Colorful chalk drawings show what peace looks like

"chalk out”

Students add chalk drawings to a peace mural in the Quad – Photo: Edith Tovar

Colorful chalk and lively music set the scene as UIC students created a mural in the quad to “chalk out” what peace looks like.

Students created their artwork while sharing with each other what they do to create peace, said Megan Carney, director of the UIC Gender and Sexuality Center. The Sept. 8 event was sponsored by the Centers for Cultural Understanding and Social Change and led by the J-DEF Peace Project.

Members of the J-DEF Peace Project started the mural and students added their chalk drawings.

Anna Ruiz wrote, “Man Made Borders will not stop us!” Ruiz is a member of the Fearless Undocumented Alliance student group, which aims to create a flourishing environment for UIC undocumented students.

“We don’t remember how important peace is,” she said. “It’s something we take for granted and it affects how we interact with other students.”

The J-DEF Peace Project extends the dialogue of peace through visual arts, said Jeff Maldonado. He cofounded the J-DEF project with his wife, Elizabeth, as a tribute to their son, Jeff Jr., who was killed by gang violence. An aspiring hip-hop artist, Jeff Jr. wrote about sociopolitical issues, culture and gang violence.

Jocelyn Chavez said she loved how the event facilitated interaction among students who may not normally interact, in a space students pass while walking to class.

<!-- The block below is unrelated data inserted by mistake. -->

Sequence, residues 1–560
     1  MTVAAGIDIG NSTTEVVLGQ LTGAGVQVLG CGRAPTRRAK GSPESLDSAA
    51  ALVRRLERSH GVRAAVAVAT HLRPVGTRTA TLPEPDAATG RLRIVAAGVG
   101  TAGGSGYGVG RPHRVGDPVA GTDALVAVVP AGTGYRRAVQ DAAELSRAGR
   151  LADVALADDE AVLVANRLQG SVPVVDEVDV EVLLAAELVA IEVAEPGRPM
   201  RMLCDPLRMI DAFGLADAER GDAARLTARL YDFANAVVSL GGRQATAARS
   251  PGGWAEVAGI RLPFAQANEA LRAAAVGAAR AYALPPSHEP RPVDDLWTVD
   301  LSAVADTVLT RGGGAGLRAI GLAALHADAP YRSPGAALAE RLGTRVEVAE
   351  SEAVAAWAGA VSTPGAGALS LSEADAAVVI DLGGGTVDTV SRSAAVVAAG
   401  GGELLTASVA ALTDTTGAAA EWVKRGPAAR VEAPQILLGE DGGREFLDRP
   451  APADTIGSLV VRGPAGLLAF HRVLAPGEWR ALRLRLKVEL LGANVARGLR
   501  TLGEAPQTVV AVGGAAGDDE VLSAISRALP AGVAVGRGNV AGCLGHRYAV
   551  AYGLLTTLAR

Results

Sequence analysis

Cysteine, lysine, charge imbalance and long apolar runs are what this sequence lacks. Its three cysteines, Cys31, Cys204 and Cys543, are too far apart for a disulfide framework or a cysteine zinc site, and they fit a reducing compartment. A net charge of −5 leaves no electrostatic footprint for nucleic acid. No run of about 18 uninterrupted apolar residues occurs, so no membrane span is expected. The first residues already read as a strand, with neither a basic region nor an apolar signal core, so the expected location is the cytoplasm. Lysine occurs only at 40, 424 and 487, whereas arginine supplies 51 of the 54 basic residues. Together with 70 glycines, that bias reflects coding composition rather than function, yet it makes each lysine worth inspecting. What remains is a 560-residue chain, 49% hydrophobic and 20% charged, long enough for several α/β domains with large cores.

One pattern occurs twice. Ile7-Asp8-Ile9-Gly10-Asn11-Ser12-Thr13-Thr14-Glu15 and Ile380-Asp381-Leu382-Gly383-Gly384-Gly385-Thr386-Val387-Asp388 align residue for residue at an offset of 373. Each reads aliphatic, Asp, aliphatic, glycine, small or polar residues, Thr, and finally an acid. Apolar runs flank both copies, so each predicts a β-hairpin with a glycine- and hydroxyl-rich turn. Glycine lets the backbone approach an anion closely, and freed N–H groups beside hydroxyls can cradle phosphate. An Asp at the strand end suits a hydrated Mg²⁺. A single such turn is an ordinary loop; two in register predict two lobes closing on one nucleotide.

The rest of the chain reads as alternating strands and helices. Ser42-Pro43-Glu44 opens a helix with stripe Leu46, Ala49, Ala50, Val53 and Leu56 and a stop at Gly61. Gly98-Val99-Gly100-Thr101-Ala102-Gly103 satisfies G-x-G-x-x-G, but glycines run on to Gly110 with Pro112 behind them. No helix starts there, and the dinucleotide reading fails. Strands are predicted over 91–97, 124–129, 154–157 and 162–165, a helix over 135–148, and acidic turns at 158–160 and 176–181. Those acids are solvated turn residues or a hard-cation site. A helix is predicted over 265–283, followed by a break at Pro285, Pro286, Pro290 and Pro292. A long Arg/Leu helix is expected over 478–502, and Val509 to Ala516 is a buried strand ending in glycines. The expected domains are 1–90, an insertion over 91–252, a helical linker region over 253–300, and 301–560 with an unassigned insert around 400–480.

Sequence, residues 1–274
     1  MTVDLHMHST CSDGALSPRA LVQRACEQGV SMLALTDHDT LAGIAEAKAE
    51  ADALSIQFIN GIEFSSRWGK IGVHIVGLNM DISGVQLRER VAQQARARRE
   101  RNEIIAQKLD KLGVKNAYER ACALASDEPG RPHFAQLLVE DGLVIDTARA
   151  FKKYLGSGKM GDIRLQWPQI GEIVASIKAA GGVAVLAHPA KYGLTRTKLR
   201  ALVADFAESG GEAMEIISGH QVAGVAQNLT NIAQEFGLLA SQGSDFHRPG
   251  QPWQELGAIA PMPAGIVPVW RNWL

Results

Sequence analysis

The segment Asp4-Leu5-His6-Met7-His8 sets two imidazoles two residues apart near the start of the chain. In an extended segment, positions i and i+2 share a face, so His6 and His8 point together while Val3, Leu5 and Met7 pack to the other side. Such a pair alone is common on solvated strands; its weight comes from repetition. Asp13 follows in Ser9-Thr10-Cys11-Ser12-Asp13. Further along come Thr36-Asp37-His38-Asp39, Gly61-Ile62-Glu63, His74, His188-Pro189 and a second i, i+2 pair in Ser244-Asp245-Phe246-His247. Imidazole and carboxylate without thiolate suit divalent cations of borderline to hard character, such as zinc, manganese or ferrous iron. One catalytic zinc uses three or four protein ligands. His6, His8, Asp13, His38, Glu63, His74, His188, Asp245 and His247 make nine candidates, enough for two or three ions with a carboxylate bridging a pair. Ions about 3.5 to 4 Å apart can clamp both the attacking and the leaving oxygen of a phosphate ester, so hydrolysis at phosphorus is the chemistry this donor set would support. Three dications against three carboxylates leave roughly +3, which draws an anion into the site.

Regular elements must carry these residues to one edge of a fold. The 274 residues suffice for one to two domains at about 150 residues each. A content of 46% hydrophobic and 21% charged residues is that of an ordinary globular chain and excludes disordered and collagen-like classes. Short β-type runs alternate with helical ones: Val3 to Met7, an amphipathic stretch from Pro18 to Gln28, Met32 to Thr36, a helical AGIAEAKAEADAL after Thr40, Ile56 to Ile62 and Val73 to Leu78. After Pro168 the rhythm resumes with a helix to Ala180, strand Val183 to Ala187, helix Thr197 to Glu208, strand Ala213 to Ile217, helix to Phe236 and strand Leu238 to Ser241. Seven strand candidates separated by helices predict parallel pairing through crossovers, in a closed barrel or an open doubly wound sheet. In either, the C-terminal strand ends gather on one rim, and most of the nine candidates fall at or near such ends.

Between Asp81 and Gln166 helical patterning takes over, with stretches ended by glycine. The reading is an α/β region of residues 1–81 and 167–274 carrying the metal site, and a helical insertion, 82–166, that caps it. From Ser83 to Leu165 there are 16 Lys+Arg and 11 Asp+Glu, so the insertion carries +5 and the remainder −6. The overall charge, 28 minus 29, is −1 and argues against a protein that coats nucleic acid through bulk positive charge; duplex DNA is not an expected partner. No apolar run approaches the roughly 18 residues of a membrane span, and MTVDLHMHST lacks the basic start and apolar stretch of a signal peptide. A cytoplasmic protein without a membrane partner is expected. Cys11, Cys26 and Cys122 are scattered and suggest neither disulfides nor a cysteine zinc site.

“It’s great to see what’s present and how we all have similarities, especially with the theme,” she said.

The Peace Project mural kicked off a series of events sponsored by Centers for Cultural Understanding and Social Change on the impact violence has within our communities. They include the African-American Cultural Center, Asian American Resource and Cultural Center, Disability Resource Center, Gender and Sexuality Center, Latino Cultural Center and Women’s Leadership and Resource Center.

“The Peace Project shines a different light on the issue of violence by using a positive angle,” said Mark Martell, director of the Asian American Resource and Cultural Center.

“Students collaborate, transcending their identities, to create a language of peace.”


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